In celebration of Black History Month, we take a closer look at
Silas Jefferson, featured in these photos from the Gilcrease
collection. Silas Jefferson was a Muscogee Freedman and
prominent figure in his community. Muscogee Freedmen include
both mixed blood Black and Muscogee people and formerly
enslaved African Americans that were once owned by tribal
citizens during the late 19th century. Also known by his
Mvskoke name, HotvlkeMekko, Jefferson was born in 1835 in
Taskigi Tribal Town in Alabama and arrived in Indian Territory
three years later when his family was forcibly removed from
Mvskoke homelands and made their way west on the Trail of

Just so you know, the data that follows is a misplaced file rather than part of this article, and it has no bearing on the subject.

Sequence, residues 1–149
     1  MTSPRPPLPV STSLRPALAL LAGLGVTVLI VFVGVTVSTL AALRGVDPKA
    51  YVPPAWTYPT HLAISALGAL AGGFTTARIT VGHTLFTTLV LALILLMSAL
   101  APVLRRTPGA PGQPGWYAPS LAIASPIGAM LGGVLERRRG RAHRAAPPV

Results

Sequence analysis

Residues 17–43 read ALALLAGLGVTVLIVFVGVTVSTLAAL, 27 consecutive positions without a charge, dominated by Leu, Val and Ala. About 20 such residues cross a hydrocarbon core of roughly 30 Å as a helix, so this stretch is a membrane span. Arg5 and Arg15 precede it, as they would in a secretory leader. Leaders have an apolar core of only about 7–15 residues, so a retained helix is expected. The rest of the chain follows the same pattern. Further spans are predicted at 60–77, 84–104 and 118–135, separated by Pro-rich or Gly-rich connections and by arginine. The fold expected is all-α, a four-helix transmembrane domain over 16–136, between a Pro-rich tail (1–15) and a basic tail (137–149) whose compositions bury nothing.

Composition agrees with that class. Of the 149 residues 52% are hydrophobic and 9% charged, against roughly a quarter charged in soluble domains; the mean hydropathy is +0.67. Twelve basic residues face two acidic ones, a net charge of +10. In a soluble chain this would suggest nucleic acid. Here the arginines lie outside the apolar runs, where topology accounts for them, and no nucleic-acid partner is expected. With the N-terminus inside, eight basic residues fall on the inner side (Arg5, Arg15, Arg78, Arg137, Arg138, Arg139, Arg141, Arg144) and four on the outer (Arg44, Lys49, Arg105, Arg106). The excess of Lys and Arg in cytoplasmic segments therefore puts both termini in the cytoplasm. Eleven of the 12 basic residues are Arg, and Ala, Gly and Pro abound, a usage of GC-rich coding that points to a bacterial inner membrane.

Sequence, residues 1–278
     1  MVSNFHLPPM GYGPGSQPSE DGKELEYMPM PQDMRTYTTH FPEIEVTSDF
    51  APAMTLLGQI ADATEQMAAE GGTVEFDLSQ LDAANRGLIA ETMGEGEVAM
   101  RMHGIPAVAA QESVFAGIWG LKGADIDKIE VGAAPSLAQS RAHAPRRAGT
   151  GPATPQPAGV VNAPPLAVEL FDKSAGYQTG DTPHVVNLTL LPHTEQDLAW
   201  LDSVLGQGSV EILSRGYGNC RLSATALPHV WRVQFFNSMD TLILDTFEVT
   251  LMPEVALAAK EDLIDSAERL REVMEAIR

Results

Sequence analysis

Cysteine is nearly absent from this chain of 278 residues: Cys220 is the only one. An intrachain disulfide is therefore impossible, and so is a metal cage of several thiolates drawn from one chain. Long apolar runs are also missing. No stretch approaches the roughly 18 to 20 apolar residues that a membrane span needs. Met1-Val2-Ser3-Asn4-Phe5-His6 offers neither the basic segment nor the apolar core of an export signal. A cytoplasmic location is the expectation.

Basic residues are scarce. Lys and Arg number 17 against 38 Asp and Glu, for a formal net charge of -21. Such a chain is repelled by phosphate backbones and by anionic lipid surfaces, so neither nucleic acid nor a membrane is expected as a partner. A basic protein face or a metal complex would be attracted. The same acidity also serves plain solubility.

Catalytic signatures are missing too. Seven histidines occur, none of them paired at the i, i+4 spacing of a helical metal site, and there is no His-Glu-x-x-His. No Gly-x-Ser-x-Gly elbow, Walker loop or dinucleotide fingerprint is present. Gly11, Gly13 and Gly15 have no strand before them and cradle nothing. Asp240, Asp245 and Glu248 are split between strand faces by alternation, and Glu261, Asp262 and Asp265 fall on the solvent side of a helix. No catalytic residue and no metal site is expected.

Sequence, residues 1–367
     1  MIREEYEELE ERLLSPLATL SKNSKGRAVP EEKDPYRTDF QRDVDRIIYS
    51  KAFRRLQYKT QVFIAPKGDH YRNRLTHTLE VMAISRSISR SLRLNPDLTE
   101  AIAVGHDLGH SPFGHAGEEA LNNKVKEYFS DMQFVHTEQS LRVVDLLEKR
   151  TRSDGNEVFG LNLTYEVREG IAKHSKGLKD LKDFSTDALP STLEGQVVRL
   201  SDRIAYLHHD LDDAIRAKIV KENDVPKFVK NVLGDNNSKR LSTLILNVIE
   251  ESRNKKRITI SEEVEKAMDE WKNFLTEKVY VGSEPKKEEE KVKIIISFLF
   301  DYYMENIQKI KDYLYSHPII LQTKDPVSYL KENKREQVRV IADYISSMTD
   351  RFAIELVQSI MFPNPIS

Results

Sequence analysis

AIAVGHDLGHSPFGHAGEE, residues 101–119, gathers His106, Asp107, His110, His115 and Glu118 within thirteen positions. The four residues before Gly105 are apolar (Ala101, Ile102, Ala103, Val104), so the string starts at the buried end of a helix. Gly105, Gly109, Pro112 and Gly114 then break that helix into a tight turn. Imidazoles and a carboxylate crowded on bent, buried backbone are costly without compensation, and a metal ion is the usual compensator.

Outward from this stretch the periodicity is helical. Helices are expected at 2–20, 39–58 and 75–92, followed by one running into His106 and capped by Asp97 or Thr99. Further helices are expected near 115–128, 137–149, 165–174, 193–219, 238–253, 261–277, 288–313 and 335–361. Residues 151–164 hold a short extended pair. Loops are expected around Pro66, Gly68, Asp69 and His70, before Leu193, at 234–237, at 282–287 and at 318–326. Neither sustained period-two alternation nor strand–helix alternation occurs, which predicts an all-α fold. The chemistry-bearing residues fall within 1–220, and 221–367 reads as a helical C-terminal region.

Tears. He claimed Mvskoke citizenship by blood through his
mother Betsey McNac, a member of the influential Wind Clan,
and became a clan leader as an adult. During the Civil War, he
joined the Union as part of the First Indian Home Guard
Regiment and later became the only Muscogee Freedman to
represent one of the Creek Tribal Towns in council.
Significantly, he also served as tribal interpreter and later, as a
tribal liaison for Smithsonian Institution anthropologists who
sought to learn about Mvskoke life and customs. Silas Jefferson
died in 1913 near Beggs, Oklahoma. These photographs of
Hotvlke Mekko document the complexities of late 19th century
race relations in Indian Territory when Freedmen in the
Mvskoke Nation attended segregated schools but also voted and
served in political posts in tribal governments.